Toting up the conferral of benefits is part of the process of identifying such a status but it is not dispositive. If a status is structured in a way to suggest that it is a form of marriage for relationships other than those between one man and woman, it presents the risks to marriage that the voters (rightly or wrongly) wanted to avert.
The proposed domestic partnership status, it seems to me, is intended to and will have precisely that effect. The conditions for entry into a domestic partnership mirror the conditions for entry into marriage save that the partners must be of the same sex. While the status does not include all of the incidents of marriage, it includes enough to be seen as a status mimicking marriage.
In fact, I would argue, what it excludes suggests precisely the harms feared by the amendments proponents. The legally "sticky" nature of marriage are a consequence of its potentially procreative nature. Marriage places financial obligations - and does not simply confer benefits - upon the partners because of the economic vulnerabilities associated with childbearing and childraising. It is not surprising that these obligations would be less critical for relationships that are not procreative and in which children are far less likely to be present. Even if same sex couples adopt children, it requires an intentional choice which is not always present when heterosexual couples make babies. The need for a choice permits - for those who wish to do so - the voluntary assumption of financial obligations toward one another. It is less essential that these obligations be intrinsic to the relationship.
The creation of a status for same sex couples that is "their form of marriage" and which does not require these commitments will certainly create pressure to eliminate these commitments for heterosexual couples and will further undercut the notion that marital commitments ought to be "sticky" in this way and must include these mutual commitments and financial intertwining.
We are aware of statements by some proponents of the amendment during the ratification process that are now used by supporters of the domestic partnership scheme. Upon close examination, most of these statements were not about the creation of the type of status about to be enacted or are simply irreconcilable with what we conclude to be the unavoidable public meaning of the amendment.
The better argument in favor of the constitutionality of domestic partnership status is that the exclusion of a mutual obligation of support, the lack of a requirement for divorce and absence of community property will preclude these domestic partnerships from being seen as a "marriage-like" relationship. I think that claim is belied both by the nature of the new status and the reasons that its supporters give for its enactment, i.e., recognition of same sex unions as "equal" to marital unions is one of the principal reasons for its creation.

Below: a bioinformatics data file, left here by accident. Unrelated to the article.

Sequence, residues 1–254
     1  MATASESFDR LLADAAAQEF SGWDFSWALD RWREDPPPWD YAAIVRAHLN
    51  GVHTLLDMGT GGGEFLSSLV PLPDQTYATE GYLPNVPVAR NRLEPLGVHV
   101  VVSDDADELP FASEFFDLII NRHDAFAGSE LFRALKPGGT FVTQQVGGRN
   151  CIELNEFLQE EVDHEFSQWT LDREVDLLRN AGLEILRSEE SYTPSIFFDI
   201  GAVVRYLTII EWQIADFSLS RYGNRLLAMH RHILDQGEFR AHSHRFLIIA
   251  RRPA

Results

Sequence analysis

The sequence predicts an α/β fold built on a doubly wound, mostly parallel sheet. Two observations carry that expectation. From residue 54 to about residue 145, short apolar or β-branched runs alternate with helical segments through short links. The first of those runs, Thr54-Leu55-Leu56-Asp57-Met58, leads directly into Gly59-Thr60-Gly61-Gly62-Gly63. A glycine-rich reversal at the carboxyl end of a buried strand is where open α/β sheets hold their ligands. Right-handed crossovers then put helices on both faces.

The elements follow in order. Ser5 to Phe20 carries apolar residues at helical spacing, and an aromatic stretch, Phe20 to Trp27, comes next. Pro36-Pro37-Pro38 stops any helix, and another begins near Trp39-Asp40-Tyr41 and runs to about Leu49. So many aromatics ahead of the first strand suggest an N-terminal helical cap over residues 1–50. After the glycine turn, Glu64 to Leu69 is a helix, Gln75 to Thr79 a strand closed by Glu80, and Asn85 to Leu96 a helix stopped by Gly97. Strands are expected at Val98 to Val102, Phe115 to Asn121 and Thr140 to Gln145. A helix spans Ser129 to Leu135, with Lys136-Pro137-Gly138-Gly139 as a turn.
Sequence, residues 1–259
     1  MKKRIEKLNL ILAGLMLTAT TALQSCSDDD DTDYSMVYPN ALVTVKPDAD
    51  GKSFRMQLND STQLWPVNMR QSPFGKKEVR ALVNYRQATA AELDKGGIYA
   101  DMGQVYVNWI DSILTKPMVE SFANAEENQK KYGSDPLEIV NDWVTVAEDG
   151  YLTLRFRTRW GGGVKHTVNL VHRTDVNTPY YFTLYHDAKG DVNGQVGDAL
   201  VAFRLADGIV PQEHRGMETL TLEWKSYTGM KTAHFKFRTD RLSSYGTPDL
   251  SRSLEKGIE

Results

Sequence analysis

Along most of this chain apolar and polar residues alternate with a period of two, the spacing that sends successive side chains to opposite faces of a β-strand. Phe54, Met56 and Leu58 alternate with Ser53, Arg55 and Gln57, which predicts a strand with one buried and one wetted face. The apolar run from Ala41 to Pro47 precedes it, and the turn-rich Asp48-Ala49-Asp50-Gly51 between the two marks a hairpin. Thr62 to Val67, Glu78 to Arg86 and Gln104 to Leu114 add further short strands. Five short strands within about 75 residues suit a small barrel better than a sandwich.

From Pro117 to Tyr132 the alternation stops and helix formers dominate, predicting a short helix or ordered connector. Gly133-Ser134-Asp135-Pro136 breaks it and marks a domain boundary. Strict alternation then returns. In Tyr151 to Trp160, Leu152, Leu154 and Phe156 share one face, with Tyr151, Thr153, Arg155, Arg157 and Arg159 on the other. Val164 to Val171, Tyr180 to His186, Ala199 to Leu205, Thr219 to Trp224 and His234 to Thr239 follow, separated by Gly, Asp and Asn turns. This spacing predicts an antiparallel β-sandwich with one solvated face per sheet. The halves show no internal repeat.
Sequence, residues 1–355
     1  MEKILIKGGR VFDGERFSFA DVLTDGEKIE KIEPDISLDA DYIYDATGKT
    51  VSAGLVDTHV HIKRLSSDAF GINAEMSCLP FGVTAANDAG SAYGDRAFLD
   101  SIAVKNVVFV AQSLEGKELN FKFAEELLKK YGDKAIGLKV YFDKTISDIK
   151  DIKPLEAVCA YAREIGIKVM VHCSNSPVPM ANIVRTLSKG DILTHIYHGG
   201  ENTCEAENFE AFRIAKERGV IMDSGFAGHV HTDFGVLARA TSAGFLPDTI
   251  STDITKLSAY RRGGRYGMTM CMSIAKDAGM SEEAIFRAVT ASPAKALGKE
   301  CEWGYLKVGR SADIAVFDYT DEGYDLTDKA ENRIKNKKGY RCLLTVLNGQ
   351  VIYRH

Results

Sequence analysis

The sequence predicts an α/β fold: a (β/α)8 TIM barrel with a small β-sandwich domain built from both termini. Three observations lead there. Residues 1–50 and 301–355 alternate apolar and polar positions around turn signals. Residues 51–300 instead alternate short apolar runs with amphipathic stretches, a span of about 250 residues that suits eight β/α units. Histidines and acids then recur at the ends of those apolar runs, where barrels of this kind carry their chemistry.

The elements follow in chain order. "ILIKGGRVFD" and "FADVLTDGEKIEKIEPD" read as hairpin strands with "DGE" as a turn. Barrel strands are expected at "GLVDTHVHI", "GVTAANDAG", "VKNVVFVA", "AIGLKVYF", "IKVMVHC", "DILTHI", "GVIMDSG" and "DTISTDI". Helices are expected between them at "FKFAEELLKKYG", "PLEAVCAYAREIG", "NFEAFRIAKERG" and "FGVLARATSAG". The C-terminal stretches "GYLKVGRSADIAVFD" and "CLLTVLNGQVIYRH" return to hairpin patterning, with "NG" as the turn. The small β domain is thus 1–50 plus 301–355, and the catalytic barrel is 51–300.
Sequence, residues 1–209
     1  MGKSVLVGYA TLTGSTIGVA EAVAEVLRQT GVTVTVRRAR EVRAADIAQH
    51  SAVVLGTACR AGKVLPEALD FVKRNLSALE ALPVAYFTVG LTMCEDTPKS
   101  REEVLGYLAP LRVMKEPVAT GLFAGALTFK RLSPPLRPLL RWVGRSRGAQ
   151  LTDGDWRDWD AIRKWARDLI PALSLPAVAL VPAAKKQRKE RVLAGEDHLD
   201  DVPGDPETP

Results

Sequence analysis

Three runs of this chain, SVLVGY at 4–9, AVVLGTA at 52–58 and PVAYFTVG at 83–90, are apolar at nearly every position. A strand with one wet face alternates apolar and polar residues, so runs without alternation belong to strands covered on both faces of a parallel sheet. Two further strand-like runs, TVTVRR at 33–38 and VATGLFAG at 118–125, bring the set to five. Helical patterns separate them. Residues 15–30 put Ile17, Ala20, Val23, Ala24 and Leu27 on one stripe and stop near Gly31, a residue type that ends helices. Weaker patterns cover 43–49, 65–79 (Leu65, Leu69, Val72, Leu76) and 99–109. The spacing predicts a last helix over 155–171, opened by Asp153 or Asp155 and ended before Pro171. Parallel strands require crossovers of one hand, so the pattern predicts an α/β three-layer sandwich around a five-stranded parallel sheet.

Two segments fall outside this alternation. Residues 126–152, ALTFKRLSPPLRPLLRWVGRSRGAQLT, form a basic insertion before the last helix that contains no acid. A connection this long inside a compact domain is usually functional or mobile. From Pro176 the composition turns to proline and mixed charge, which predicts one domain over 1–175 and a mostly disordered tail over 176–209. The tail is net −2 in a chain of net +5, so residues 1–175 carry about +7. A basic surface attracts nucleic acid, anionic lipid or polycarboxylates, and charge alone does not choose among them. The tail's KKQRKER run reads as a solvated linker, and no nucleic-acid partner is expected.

That observation is one of the reasons that I am disturbed by the concerted effort of the New York Times and others on the American left to portray some ill defined thing called "the right" (but which includes mainstream conservatives) for the violence committed by a few disturbed individuals.
If they're not talking about you, then why worry about it? This an oddly insensitive question. Assume that the Department of Homeland Security or the editorial page of the New York Times tried to blame "populists" for a few twisteds that killed wealthy businessmen who they regarded as "leeches" enjoying riches built on the bodies of the poor. What if Fox News blamed the anti-war movement for the murder of a military recruiter? If you're not one of them, why worry about it? If you are not one of those "bad" blacks that a racist rails about, why should you care?
The problem with Krugman, Rich and Napolitano is that they paint with a broad brush and create the impression that the other side is somehow associated with "hate" and steadily push opposing discourse beyond the pale. See, e.g., Rich's claim that critics of Judge Sotomayor's racialist notions of the law are little different than a Nazi murderer or referring to the Obama administration's strong statism as "socialist" is the equivalent of calling the President a "terrorist."
Wednesday, June 17, 2009
Local lawyer and blogger Mike Plaisted is rather lathered up over my refusal to accept the idea that conservatives promote "hate" and are responsible for - or at least contribute to - murder.
It's quite rare to find so many misstatements in one place. Let's see if Mike can take instruction.
He [this means me]even goes so far as to say that the Nazis in Germany had more in common with the left than the right.
No. I said that it is an anachronistic fool's game to connect Nazis or fascists to current political movements in the United States. I do think that fascism was a form of socialism, but that doesn't mean that there is much use in calling it left or right as we use those terms in this country in this century.
The guy who killed legal abortion provider Dr. George Tiller has lurked in the shadows of the right-wing’s favorite anti-woman emotional wedge issue – the right of women to make up their own minds about what happens inside their own bodies – for years.
Women are no more likely to be pro-choice than men and there are certainly people on the left who are pro-life - although not many since the Democratic Party has pretty much chased them away.